Finding the right size crate can also be difficult. We had no idea how big Shadow would be and so had to make a guess. Crates are also super expensive here (this is one of the largest sizes and cost W165 000 or $165 on Gmarket. Click here for the link). If your pup is going to be traveling by air, the crate needs to be sturdy, IATA approved, and your dog needs to be able to stand up and turn around comfortably. Our crate is still a little too big for Shadow, but he is probably going to grow into it and we would want his journey home to be as comfortable as possible. 


This has been a tough one as there are soooo many different opinions and different kinds of foods. I had done a lot of research and decided that I wanted to feed Shadow grain free food (a lot of the super market brands use grains as fillers, leaving far fewer nutrients in the food and leading to huge poos). We were feeding him Taste of The Wild grain free puppy food until the stockist ran out on Gmarket and have resorted to Kirkland Nature's Domain food for all life stages until we can order more Taste of The Wild.  Click here for a great comparison of dog foods as well as star ratings for quality and nutritional value. 

We buy in bulk and store the food in large kimchi containers to keep it fresh. I got this 13litre containers from Daiso. 



You can go wild with all the fun things you can buy for your dog here in Korea. Shadow loves his homemade toys the most (the tennis ball alien thingy that Farmboy made using old rope and a drill) and the grey t-shirt. We bought lots of toys that have rough edges on so he can chew away and help relive his itchy gums now that he is teething.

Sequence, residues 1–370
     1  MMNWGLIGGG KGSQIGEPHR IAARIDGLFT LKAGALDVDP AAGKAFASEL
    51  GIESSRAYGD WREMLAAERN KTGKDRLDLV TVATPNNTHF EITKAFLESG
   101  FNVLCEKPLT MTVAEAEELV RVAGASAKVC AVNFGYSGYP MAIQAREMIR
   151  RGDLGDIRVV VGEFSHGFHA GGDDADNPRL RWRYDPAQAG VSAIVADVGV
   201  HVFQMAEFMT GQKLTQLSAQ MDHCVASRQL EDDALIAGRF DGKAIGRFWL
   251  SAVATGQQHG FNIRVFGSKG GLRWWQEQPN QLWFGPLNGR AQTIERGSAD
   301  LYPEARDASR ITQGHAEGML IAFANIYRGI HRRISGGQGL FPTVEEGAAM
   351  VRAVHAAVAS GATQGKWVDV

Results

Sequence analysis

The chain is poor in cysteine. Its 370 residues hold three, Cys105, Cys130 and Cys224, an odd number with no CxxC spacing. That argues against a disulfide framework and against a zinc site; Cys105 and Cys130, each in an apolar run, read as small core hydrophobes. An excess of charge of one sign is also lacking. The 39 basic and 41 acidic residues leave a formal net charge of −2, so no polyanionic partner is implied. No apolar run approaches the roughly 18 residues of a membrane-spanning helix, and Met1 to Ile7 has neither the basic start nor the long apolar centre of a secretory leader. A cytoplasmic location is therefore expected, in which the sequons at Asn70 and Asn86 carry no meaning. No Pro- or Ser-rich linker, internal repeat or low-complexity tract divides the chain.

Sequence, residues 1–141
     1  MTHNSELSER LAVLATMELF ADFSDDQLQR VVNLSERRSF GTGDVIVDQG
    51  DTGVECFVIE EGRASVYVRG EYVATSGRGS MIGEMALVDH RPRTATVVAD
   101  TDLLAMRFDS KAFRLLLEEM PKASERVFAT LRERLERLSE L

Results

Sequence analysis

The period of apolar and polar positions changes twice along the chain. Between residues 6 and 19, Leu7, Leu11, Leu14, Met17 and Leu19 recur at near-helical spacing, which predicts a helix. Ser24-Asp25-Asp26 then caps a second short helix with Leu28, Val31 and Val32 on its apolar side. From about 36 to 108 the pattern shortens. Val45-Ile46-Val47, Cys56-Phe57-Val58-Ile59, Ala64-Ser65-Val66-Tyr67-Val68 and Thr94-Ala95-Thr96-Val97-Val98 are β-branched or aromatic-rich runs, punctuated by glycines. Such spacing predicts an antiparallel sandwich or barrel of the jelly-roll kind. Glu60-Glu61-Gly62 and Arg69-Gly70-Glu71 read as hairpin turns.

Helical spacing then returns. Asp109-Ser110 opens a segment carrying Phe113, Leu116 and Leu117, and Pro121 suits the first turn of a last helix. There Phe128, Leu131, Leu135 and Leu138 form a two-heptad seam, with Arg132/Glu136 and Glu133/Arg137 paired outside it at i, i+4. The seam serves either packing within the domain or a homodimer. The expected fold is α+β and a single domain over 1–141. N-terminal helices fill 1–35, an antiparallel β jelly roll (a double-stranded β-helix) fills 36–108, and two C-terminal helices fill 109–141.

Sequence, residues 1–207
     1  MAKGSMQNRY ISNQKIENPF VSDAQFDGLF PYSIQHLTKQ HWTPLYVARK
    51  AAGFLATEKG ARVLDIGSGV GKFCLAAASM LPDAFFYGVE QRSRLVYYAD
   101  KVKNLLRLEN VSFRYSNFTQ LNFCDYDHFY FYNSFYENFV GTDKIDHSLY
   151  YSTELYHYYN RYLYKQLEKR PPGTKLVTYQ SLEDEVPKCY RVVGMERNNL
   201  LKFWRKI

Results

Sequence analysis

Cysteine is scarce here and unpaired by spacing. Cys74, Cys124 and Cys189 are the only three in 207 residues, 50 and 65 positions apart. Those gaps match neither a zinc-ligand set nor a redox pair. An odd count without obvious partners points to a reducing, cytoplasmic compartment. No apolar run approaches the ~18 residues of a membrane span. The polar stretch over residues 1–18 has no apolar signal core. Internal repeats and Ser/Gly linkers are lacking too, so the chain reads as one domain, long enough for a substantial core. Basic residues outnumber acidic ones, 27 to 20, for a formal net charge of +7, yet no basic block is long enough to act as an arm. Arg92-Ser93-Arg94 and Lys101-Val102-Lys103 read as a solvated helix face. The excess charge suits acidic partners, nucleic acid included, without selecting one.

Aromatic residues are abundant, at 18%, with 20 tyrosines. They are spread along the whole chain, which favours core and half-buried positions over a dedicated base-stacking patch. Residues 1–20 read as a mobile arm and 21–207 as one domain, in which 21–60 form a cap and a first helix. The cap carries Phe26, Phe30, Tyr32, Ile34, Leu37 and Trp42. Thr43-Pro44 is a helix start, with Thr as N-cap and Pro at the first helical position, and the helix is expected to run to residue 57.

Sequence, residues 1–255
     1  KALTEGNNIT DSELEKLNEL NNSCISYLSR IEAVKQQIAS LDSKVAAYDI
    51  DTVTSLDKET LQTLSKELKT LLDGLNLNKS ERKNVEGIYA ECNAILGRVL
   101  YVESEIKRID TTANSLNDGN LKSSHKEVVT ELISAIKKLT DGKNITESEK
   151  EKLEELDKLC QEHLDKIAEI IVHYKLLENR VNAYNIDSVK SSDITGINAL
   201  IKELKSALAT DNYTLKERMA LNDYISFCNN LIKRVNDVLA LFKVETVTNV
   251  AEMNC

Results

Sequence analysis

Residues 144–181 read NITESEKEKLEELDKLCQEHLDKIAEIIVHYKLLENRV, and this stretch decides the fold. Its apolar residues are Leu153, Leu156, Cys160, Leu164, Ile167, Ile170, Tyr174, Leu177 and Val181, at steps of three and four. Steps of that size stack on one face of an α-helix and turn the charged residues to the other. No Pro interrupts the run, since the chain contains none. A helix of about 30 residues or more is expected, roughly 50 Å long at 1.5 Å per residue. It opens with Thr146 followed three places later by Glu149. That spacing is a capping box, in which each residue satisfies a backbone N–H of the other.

Here are the links for the toys above:

Blue Ball thrower, Green squeaky ball, rope

Red Fireball Bento Treat Chew Toy

Black Squeaky Food/Treat Dispenser (this makes dinner time fun and keeps them occupied and their brain stimulated as they have to work out how to get the food out).

Ball Thrower

Purple food dispenser: bought at a pet shop in Gwangju

White nylabone


I mainly use treats for training (I follow Clicker Training which is based on positive reinforcement). You can find treats online through Gmarket, or at most marts and all pet stores here in Korea. When we leave the house for the day we also always make sure we give Shadow a Kong (the red toy pictured above) which will save your lives and keep your pup entertained for a good amount of time while you are gone. You fill the kong with treats, peanut butter, cheese, meat, carrots, bananas apples etc and the pop it in the freezer over night and voila! One very happy pooch! Click here for a link to them on gmarket. 


I found all of these things at my local DC mart. The orange brush helps to really scrub and remove the dirt from Shadows thick fur. I also have a bunch of old small towels for drying him off after baths and for putting over his bed when we give him frozen bones. That just stops the yucky bits of blood and tissue from the bones messing everything.